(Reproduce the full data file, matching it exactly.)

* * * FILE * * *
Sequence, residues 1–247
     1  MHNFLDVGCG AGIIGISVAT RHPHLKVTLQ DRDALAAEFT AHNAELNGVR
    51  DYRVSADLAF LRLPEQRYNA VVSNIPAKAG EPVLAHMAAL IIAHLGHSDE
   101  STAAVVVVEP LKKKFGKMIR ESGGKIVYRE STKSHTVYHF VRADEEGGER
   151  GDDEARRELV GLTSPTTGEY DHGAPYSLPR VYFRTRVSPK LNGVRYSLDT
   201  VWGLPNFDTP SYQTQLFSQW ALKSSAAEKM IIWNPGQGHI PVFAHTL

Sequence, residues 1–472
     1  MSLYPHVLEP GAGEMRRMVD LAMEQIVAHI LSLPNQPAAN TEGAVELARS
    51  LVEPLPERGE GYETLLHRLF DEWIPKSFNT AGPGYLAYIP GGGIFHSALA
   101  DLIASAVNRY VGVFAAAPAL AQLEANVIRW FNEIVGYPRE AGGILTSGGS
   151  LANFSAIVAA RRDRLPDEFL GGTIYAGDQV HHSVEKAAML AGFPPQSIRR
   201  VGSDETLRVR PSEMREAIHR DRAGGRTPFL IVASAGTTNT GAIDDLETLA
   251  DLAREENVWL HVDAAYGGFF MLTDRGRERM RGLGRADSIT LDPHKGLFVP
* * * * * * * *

Sequence, residues 1–247
     1  MHNFLDVGCG AGIIGISVAT RHPHLKVTLQ DRDALAAEFT AHNAELNGVR
    51  DYRVSADLAF LRLPEQRYNA VVSNIPAKAG EPVLAHMAAL IIAHLGHSDE
   101  STAAVVVVEP LKKKFGKMIR ESGGKIVYRE STKSHTVYHF VRADEEGGER
   151  GDDEARRELV GLTSPTTGEY DHGAPYSLPR VYFRTRVSPK LNGVRYSLDT
   201  VWGLPNFDTP SYQTQLFSQW ALKSSAAEKM IIWNPGQGHI PVFAHTL

Sequence, residues 1–472
     1  MSLYPHVLEP GAGEMRRMVD LAMEQIVAHI LSLPNQPAAN TEGAVELARS
    51  LVEPLPERGE GYETLLHRLF DEWIPKSFNT AGPGYLAYIP GGGIFHSALA
   101  DLIASAVNRY VGVFAAAPAL AQLEANVIRW FNEIVGYPRE AGGILTSGGS
   151  LANFSAIVAA RRDRLPDEFL GGTIYAGDQV HHSVEKAAML AGFPPQSIRR
   201  VGSDETLRVR PSEMREAIHR DRAGGRTPFL IVASAGTTNT GAIDDLETLA
   251  DLAREENVWL HVDAAYGGFF MLTDRGRERM RGLGRADSIT LDPHKGLFVP